1999 Ford Taurus. Bleeding the brakes after replacing the brake line for the front right and after about 4 pumps it clogged up and no fluid came out. The top bleeder on the hose let fluid out, but nothing came out the caliper end. It had been sitting for a long time. Maybe there was rust inside the brake line? All I could have done is gotten some metal shavings from my file in there when I was preparing the lines to be flared for the union patch. It took 3 attempts to flare due to me not paying attention to detail. It was a strange place for rust but it’s because the engine belt threw salt under the windshield where the brake line runs across. Had to go out and buy a new hose. I bought the old one in which you should always do since they did try to sell me a left hose and the people at the counter said there is no difference between left and right at first.
It’s not going to be on the road long since there are holes in the floor pan on each side of the metal reinforcement piece that goes between your feet. Probably half of the crash structure is gone, so it’s about as dangerous as driving a sub compact car now. But I’m curious how this could happen with the brakes.
Did you replace the rubber portion of the brake line? If not I’d be willing to bet, albeit a very small wager, that the rubber hose has deteriorated to the point of blocking the flow. If you did replace this hose, then I have no real ideas, other than replace everything between the master cylinder and the caliper, and all bets are off!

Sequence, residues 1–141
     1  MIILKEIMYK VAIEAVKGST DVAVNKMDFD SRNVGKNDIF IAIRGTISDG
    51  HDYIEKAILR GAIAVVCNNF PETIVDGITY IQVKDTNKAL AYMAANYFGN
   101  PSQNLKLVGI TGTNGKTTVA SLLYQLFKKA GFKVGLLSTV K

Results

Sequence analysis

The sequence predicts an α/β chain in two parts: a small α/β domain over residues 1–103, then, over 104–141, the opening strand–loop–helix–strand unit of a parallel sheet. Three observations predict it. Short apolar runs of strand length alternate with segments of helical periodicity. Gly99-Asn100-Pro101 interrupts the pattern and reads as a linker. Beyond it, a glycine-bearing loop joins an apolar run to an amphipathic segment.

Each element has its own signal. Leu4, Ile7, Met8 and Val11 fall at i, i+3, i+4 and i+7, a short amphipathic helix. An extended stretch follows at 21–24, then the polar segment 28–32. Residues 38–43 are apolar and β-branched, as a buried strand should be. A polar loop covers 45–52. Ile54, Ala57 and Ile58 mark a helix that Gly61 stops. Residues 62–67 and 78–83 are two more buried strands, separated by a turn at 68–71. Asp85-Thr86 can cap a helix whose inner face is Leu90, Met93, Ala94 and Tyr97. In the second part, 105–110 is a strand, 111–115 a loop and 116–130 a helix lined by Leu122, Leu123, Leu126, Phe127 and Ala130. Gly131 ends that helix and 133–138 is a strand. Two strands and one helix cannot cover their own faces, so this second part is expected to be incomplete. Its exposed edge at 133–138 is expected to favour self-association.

Surprise after thought. Try completely removing the bleeder on the caliper, see what if anything happens.
If you replaced a line with rust… there is probably crap that made it into the lines.
A standard 4mm (3/16") brake pipe is less than 1/8 inch internal diameter… Doesn’t take much to clog that. The solution is to blow the lines out with air. Disconnect the rubber lines, blow each out. Blow out the metal lines. If you can’t get the debris out so that air flows easily, they must be replaced.
Remove the bleeder screw and see if brake fluid comes out the caliper.
If so, the bleeder screw needs to be replaced because the old one is clogged.
Yes I had to replace the hose. I let a bunch brake fluid get pumped out the end of the brake line with the hose disconnected to make sure no more debris would get put in to the new hose if that was the cause. The hose deteriorating seems to make the most sense.